Clough Williams Ellis
The architect Clough Williams-Ellis (1883-1978) is probably best known as the creator of Portmeirion, the Italianate village known as ’the Xanadu of Wales’ and the setting of the cult television series, The Prisoner. As Portmeirion attests, Williams-Ellis was an architect with an eye for space, detail and the humorous. Although he never completed formal training he was constantly in demand for a wide variety of commissions, from the restoration of country houses to the planning of new towns in the Home Counties, Russia and China.
A leading campaigner for sympathetic urban development and for the founding of National Parks, he was also a prolific writer on these and other subjects and found time to travel, and sail, the world. Patrician, occasionally eccentric, the particular genius of Clough Williams-Ellis is apparent to all who visit his buildings.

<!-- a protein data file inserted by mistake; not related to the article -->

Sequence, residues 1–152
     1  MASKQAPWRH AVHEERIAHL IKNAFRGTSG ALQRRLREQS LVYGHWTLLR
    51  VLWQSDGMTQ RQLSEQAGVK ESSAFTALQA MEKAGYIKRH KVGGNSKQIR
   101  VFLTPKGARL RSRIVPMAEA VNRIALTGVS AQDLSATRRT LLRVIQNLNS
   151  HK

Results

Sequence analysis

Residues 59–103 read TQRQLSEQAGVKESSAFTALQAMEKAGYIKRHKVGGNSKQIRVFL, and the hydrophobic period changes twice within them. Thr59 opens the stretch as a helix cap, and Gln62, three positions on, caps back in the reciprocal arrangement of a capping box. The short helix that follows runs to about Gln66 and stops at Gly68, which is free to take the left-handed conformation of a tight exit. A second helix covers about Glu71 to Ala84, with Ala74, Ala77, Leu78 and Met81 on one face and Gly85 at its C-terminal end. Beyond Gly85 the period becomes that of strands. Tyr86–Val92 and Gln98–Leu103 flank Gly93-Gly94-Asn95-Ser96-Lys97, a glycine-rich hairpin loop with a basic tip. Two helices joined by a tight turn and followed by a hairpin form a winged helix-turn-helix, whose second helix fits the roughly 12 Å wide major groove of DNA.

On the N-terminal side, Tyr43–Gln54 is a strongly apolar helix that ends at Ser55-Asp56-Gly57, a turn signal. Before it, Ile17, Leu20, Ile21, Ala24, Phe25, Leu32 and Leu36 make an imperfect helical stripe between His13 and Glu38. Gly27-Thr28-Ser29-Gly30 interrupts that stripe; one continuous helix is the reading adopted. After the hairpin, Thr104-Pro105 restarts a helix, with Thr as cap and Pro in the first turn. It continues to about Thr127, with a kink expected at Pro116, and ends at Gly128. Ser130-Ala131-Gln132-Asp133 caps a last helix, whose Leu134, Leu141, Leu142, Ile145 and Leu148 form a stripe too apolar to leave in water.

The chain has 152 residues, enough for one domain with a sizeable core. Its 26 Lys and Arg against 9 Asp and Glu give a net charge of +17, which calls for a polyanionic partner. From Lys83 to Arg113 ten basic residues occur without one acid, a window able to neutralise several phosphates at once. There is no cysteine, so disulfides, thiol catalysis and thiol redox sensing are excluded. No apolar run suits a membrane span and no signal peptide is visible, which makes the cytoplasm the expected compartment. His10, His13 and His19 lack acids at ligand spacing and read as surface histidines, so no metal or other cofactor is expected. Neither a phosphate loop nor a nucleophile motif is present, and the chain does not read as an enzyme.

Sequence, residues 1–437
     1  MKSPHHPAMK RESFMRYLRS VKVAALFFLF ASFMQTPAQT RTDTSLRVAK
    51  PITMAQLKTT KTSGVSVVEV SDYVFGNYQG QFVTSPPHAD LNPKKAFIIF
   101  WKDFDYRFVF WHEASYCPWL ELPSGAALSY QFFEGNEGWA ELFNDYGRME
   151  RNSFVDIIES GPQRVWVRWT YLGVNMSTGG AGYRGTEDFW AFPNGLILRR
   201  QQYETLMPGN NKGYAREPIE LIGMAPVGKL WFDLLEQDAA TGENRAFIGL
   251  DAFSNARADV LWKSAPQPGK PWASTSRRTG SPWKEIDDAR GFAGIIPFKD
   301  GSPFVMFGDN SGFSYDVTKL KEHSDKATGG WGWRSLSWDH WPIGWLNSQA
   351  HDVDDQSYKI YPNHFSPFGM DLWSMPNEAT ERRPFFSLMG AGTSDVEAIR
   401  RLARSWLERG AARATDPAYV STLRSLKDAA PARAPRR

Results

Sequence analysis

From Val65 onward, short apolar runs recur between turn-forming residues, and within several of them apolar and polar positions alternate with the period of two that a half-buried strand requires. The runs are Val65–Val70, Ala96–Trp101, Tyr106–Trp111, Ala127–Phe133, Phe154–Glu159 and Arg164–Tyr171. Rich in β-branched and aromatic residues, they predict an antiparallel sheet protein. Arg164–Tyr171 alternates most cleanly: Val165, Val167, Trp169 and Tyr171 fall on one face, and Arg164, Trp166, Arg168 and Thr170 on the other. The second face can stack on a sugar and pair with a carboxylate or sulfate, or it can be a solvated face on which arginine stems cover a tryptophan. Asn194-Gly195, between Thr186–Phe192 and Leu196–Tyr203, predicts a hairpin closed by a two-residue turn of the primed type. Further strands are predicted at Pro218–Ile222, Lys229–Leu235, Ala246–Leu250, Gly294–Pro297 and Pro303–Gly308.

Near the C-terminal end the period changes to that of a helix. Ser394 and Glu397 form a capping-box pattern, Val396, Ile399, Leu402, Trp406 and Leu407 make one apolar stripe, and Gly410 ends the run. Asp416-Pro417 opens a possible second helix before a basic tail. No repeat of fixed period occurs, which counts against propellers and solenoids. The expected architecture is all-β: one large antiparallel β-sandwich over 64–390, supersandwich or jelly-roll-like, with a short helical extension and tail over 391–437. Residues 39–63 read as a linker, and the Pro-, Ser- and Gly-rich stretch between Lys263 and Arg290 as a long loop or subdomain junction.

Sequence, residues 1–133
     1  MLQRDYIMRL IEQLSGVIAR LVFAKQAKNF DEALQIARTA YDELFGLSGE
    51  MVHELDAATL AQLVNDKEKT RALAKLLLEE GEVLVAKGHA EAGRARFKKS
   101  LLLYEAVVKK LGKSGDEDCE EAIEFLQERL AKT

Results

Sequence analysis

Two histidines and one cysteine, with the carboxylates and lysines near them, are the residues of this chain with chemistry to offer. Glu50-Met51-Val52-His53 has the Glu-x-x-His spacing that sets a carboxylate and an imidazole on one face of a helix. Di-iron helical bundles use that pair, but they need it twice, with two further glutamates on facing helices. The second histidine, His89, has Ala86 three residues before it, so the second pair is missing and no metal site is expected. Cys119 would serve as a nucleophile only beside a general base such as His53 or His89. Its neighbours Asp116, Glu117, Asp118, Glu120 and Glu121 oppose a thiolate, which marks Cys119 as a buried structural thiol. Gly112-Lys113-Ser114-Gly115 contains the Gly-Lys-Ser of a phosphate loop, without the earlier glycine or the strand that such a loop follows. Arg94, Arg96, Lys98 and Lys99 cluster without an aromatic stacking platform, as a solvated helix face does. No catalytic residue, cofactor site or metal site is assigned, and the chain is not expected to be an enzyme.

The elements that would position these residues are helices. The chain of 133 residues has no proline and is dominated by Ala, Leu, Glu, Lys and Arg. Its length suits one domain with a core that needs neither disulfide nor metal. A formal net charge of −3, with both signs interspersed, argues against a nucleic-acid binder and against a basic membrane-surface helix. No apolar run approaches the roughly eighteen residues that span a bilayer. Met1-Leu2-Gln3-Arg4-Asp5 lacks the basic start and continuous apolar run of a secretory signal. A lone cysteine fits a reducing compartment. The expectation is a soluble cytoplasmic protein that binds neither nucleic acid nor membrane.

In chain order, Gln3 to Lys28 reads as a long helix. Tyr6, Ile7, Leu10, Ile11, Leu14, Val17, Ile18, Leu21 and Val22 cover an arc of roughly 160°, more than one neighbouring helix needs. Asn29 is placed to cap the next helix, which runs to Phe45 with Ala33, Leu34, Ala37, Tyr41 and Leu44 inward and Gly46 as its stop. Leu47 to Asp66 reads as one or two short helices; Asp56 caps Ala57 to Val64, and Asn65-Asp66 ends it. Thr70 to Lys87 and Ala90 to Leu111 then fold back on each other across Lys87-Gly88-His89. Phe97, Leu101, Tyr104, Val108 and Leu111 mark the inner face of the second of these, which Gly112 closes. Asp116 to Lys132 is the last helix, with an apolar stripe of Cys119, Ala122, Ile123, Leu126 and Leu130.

Jonah Jones’ intriguing memoir guides the reader through the life and work of this friend, neighbour, employer and collaborator of many years. It offers an intimate insight into his childhood, war service, longlasting marriage to Amabel Strachey, and life as owner of Portmeirion, and a commentary on his career as architect, planner and public figure.